The Colonial Period:
Latin America has seen wars, dictators, famines, economic booms, foreign interventions
and a whole assortment of varied calamities over the years. Each and every period of its history is crucial in some way to understanding the present-day character of the land. Even so, the Colonial Period (1492-1810) stands out as being the era that did the most to shape what Latin America is today. Here are six things you need to know about the Colonial Era:
The native population was wiped out:
Some estimate that the population of Mexico’s Central Valleys was around 19 million before the arrival of the Spanish: it had dropped to 2 million by 1550. That’s just around Mexico City: native populations on Cuba and Hispaniola were all but wiped out, and every native population in the New World suffered some loss. Although the bloody conquest took its toll, the main culprits were diseases like smallpox. The natives had no natural defenses against these new diseases, which killed them far more efficiently than the conquistadors ever could.
Native culture was forbidden:
Under Spanish rule, native religion and culture were severely repressed. Whole libraries of native codices
(they’re different than our books in some ways, but essentially similar in look and purpose) were burned by zealous priests who thought that they were the work of the Devil. Only a handful of these treasures remain. Their ancient culture is something that many native Latin American groups are currently trying to regain as the region struggles to find its identity.
The Spanish system promoted exploitation:
Conquistadores and officials were granted “encomiendas,” which basically gave them certain tracts of land and everyone on it. In theory, the encomenderos were supposed to look after and protect the people that were in their care, but in reality it was often nothing more than legalized slavery. Although the system did allow for natives to report abuses, the courts functioned exclusively in Spanish, which essentially excluded most of the native population, at least until very late in the Colonial Era.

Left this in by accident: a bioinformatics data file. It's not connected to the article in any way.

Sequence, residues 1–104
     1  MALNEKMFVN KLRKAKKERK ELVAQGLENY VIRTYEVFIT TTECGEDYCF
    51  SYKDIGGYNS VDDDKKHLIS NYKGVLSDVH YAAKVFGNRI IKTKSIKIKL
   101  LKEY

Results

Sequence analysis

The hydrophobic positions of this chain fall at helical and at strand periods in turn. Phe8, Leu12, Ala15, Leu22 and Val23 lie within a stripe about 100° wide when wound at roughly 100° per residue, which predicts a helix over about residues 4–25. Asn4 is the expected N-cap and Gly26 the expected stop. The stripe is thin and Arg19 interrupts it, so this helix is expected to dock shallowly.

Existing power structures were replaced:
Before the arrival of the Spanish, Latin American cultures had existing power structures, mostly based on castes and nobility. These were shattered, as the newcomers killed off the most powerful leaders and stripped the lesser nobility and priests of rank and wealth. The lone exception was Peru, where some Inca nobility managed to hold onto wealth and influence for a time, but as the years went on, even their privileges were eroded into nothing. The loss of the upper classes contributed directly to the marginalization of native populations as a whole.
Native history was rewritten:
Because the Spanish did not recognize native codices and other forms of record keeping as legitimate, the history of the region was considered open for research and interpretation. What we know about pre-Columbian civilization comes to us in a jumbled mess of contradictions and riddles. Some writers seized the opportunity to paint earlier native leaders and cultures as bloody and tyrannical. This in turn allowed them to describe the Spanish conquest as a liberation of sorts. With their history compromised, it is difficult for today’s Latin Americans to get a grasp on their past.
Colonists were there to exploit, not develop:
The Spanish (and Portuguese) colonists who arrived in the wake of the conquistadores wanted to follow in their footsteps. They did not come to build, farm or ranch, and in fact farming was considered a very lowly profession among the colonists. These men therefore harshly exploited native labor, often without thinking about the long-term. This attitude severely stunted the economic and cultural growth of the region. Traces of this attitude are still found in Latin America, such as the Brazilian celebration of malandragem, a way of life of petty crime and swindling.
Just as psychiatrists study the childhood of their patients in order to understand the adult, a look at the “infancy” of modern Latin America is necessary to truly comprehend the region today. The destruction of whole cultures – in every sense – left the majority of the population lost and struggling to find their identities, a struggle which continues to this day. The power structures put in place by the Spanish and Portuguese still exist: witness the fact that Peru, a nation with a large indigenous population, just recently elected the first native president in their long history.
This marginalization of native people and culture is ending, and as it does many in the region are trying to find their roots. This fascinating movement bears watching in the years to come.